Power Electronics

Voltage Detector Provides Sensitivity and Precision

A function often needed in industrial and scientific applications is detecting the presence (or absence) of dc voltages in such components as safety interlocks and automatic sequencers. To detect the absence of large bipolar dc levels, the detector must assert a signal when its input is within a stable and precisely defined window around 0 V. The window width should be twice the magnitude of the maximum tolerable error voltage and centered at 0 V.

The detection circuit should have a high-impedance input to avoid affecting the system into which it is inserted. It also should tolerate an input level equal to the maximum voltage it supervises, plus the amplitude of any transient voltage that might occur. One example of a detector circuit that meets these requirements is shown in Fig. 1. This circuit produces a digital output signal when the input voltage is within a ±100-mV window.

Its input resistance is 22 MΩ, and its maximum input voltage is defined by the arcing specification of the 22.1-MΩ series-input resistor. Its well-defined window edges have about 10 mV of hysteresis (Fig. 2), which reduces the influence of noise-induced output jitter. Response speed is determined by a 10-ms time constant formed by the 1-nF input capacitor (a low-leakage film type) and the parallel resistance formed by the two 22.1-MΩ resistors.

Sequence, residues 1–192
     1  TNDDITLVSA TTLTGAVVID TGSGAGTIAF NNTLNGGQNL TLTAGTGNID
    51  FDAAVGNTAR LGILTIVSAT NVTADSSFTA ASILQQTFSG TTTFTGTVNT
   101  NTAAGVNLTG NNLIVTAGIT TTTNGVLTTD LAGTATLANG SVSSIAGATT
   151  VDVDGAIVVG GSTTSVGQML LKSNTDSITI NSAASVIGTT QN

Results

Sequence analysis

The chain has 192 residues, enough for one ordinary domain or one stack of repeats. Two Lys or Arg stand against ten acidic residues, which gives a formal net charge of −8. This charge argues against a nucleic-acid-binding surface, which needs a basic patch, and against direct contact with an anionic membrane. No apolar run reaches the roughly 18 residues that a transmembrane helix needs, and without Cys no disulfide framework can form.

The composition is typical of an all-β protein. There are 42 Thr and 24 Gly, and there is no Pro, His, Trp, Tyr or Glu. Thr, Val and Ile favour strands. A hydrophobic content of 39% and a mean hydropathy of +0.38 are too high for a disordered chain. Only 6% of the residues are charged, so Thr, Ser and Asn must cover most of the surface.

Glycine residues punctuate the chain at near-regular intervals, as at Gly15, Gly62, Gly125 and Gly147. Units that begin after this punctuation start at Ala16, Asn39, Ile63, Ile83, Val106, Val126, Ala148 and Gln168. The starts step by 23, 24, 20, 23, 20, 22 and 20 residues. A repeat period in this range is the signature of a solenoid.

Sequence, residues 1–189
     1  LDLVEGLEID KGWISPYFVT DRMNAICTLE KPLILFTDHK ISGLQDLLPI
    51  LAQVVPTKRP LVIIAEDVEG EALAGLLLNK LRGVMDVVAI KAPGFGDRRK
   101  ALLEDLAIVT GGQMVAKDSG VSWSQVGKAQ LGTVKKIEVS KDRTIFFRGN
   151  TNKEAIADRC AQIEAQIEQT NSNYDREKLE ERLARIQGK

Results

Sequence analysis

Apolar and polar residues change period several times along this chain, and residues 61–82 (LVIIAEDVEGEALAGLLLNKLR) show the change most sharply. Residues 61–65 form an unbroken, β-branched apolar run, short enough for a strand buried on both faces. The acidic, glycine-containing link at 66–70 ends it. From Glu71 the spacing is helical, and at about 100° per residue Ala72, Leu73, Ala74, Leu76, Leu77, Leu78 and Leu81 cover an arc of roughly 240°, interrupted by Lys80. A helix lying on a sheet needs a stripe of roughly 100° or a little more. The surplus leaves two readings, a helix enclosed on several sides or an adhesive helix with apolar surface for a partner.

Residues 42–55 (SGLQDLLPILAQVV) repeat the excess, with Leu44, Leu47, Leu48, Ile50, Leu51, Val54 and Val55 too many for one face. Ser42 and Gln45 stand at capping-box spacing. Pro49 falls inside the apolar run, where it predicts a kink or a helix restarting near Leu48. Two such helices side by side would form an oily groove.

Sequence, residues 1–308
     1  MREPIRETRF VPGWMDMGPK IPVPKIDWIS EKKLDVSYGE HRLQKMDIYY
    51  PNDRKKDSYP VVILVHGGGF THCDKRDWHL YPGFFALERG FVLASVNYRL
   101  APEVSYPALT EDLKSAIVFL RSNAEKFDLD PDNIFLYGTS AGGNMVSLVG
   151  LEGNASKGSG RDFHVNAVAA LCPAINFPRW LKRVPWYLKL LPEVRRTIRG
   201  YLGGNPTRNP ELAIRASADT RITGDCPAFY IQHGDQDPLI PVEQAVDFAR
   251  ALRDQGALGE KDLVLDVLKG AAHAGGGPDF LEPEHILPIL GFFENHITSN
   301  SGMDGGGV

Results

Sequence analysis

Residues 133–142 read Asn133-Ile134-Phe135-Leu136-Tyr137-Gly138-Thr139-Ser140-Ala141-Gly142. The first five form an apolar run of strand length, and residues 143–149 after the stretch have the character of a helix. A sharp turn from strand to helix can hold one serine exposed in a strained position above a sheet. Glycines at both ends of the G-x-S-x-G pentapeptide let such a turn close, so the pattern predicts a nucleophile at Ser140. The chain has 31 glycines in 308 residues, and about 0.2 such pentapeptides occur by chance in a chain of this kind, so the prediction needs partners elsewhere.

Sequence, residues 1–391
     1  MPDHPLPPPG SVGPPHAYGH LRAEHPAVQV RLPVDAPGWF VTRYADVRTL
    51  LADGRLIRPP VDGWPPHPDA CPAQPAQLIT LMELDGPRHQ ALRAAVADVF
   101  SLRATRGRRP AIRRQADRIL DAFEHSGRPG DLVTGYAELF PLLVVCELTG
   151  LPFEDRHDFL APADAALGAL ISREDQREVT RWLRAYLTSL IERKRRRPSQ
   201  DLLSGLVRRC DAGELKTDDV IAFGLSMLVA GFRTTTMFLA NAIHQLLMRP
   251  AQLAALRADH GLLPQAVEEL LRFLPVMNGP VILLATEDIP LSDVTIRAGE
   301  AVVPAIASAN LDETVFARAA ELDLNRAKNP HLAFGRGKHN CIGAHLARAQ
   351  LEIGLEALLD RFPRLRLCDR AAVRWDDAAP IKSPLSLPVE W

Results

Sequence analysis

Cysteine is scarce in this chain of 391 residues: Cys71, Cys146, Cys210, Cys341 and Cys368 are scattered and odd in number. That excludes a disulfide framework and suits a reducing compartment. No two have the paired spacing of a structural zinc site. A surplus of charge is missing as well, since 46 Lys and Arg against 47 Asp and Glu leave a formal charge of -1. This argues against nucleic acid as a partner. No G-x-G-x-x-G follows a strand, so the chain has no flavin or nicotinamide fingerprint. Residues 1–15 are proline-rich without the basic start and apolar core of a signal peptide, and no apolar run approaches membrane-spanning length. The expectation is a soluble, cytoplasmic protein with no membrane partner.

The circuit operates from a single 5-V supply, due to the MAX4236 operational amplifier's low offset voltage, low offset-voltage temperature coefficient and low bias current, and its ability to operate at input voltages that include the negative rail. Temperature dependence of the trigger thresholds varies less than 1 mV (total) over the temperature range of 0°C to 85°C due to the thermal stability of the MAX6143 precision voltage reference. To ensure stability of these trigger voltages over temperature, the temperature coefficient of the two 22.1-MΩ resistors should be low and as closely matched as possible.

Very-high-input impedance makes this circuit sensitive to leakage currents. The negative input of each operational amplifier must be supported by a Teflon standoff, and a high-quality conformal-coating insulation should be applied to the whole assembly. The circuit in Fig. 3 is a good option if the detector circuit must be galvanically isolated from the system-control circuitry. Data sheets and other information on the ICs shown in these figures can be found at www.maxim-ic.com.

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